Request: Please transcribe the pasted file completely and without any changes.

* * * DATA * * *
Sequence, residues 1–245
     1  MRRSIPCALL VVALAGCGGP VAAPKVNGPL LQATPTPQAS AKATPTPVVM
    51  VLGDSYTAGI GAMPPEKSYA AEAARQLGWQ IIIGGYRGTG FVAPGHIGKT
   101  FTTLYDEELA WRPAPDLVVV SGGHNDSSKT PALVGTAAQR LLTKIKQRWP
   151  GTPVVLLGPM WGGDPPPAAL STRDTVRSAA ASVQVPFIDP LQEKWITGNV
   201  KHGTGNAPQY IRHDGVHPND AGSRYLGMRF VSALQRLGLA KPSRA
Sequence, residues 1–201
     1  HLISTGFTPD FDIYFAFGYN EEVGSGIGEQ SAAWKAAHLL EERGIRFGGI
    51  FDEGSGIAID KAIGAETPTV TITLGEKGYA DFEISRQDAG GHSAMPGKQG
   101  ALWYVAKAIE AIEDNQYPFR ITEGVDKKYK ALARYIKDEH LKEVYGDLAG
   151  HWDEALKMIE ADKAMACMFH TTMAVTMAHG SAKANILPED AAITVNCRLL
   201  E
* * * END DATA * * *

Sequence, residues 1–245
     1  MRRSIPCALL VVALAGCGGP VAAPKVNGPL LQATPTPQAS AKATPTPVVM
    51  VLGDSYTAGI GAMPPEKSYA AEAARQLGWQ IIIGGYRGTG FVAPGHIGKT
   101  FTTLYDEELA WRPAPDLVVV SGGHNDSSKT PALVGTAAQR LLTKIKQRWP
   151  GTPVVLLGPM WGGDPPPAAL STRDTVRSAA ASVQVPFIDP LQEKWITGNV
   201  KHGTGNAPQY IRHDGVHPND AGSRYLGMRF VSALQRLGLA KPSRA
Sequence, residues 1–201
     1  HLISTGFTPD FDIYFAFGYN EEVGSGIGEQ SAAWKAAHLL EERGIRFGGI
    51  FDEGSGIAID KAIGAETPTV TITLGEKGYA DFEISRQDAG GHSAMPGKQG
   101  ALWYVAKAIE AIEDNQYPFR ITEGVDKKYK ALARYIKDEH LKEVYGDLAG
   151  HWDEALKMIE ADKAMACMFH TTMAVTMAHG SAKANILPED AAITVNCRLL
   201  E